SINGAPORE - Social workers, counsellors and psychiatrists cautioned that allowing punters to legally place bets online may lead to more problem gambling and social ills here.
This comes after the Ministry of Home Affairs (MHA) said on Thursday (Sept 29) that it has found Singapore-based lottery operators Singapore Pools and Singapore Turf Club suitable to be exempted from laws that curb online betting.
Singapore Pools - which offers betting on football and motor-racing, as well as lottery games like 4D and Toto - will launch its online betting service on Oct 25.
Singapore Turf Club, which takes bets for horse races, will launch its new Web and mobile platform on Nov 15.
The MHA said that a complete ban on online betting "would only serve to drive remote gambling underground, making it harder to detect, and exacerbate the associated law and order and social concerns".
The convenience of online betting, coupled with the ubiquitous ownership of smart devices, means more people are likely to try their hand at online gambling, increasing the risk of gambling-related problems such as addiction, said Mr Chong Ee Jay, a manager with charity organisation Touch Community Services.
In particular, young people may be drawn into social gambling, as being able to place bets online "circumvents the traditional barrier and stigma of betting over the counter", he added.
The two operators will have to implement social safeguards such as setting a daily limit on how much funds they can transfer into their accounts, and how much they spend on gambling.
Dr Thomas Lee, consultant psychiatrist at The Resilienz Clinic, noted that the measures ensure that individuals gamble within their means.
"However, no safeguard is entirely foolproof because some gamblers will find ways and means to circumvent the safeguards. A vulnerable individual can still walk into any lottery outlet to place a bet," he added.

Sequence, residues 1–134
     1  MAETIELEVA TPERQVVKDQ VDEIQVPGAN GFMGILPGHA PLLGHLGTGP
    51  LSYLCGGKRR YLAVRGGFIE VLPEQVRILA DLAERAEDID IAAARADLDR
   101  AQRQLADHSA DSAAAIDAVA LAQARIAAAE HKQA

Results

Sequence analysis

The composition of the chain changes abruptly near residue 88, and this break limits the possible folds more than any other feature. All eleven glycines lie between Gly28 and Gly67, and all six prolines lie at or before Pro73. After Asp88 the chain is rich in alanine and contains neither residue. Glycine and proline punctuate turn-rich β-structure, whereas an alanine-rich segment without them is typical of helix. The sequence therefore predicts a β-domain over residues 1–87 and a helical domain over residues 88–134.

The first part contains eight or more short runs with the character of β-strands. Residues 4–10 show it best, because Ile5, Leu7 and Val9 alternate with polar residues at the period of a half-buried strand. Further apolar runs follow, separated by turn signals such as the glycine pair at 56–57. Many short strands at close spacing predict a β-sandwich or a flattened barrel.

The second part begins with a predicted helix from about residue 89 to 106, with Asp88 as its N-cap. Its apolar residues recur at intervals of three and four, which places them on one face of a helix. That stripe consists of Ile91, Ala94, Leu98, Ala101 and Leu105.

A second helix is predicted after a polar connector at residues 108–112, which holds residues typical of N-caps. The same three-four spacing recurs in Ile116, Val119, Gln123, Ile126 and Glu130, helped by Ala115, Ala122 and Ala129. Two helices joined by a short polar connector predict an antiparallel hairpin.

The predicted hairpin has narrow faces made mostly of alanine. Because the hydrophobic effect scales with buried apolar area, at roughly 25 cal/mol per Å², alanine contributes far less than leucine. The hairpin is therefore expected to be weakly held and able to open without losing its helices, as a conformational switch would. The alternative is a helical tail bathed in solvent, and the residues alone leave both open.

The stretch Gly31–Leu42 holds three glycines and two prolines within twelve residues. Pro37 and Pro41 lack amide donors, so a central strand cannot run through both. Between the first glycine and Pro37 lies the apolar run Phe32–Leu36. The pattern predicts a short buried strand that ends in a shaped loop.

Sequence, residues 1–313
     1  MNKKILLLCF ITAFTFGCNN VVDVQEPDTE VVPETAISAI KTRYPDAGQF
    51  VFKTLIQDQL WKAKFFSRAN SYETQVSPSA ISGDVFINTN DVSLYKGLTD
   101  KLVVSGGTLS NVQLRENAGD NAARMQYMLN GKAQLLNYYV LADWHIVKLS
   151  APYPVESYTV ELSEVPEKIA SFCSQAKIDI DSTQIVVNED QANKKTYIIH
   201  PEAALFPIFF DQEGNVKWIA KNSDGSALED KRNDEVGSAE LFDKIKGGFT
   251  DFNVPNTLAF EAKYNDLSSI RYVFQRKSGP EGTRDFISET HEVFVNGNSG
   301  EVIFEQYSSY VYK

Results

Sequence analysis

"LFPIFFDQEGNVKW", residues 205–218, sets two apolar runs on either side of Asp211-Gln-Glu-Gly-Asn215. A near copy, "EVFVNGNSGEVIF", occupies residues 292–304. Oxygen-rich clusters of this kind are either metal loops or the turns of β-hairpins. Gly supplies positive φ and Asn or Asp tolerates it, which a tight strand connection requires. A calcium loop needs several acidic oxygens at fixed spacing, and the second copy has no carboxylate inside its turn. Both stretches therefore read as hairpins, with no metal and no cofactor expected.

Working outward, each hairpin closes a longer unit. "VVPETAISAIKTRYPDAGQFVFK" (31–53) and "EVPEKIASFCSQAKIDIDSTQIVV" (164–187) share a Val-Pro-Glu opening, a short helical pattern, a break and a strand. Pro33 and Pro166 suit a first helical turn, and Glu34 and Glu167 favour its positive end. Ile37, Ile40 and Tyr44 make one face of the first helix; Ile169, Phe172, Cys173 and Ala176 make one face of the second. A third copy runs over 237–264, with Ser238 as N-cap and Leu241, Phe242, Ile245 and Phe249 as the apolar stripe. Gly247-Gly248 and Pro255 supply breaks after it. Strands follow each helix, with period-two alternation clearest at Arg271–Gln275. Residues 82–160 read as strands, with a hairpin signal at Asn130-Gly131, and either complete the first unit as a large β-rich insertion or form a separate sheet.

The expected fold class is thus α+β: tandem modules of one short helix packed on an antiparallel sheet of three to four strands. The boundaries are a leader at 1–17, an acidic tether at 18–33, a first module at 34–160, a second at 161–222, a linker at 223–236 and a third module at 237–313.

Education, families and the community still play a key role in preventing problem gambling, social workers said. Families should be made aware of the potential dangers, consequences and easy access of gambling so they can seek help if they know of family members struggling with addiction, said Mr Chong.
The National Council on Problem Gambling said it will be beefing up its public education efforts, particularly among young people. It will partner voluntary welfare organisations, the media and tertiary institutions in the next few months to reach out to young people, and will also hold cyber wellness roadshows and talks in schools.
In June, during the Euro Cup season, the council launched a video aimed at educating young people on how to spot the signs of problem gambling and help their friends in need. The video, which has reached more than a million viewers, will be further screened at cinemas, cable television and disseminated through digital media in the next few months.
Meanwhile, a petition to stop the legalisation of online gambling here has garnered more than 12,000 signatures as of Thursday (Sept 29).
Said Mr Abraham Yeo, 36, a media technologist who started the petition: "I've tried helping someone apply for a family exclusion order, but the process was extremely draining. The petition may not change the Government's mind, but we want to at least take a stand against this."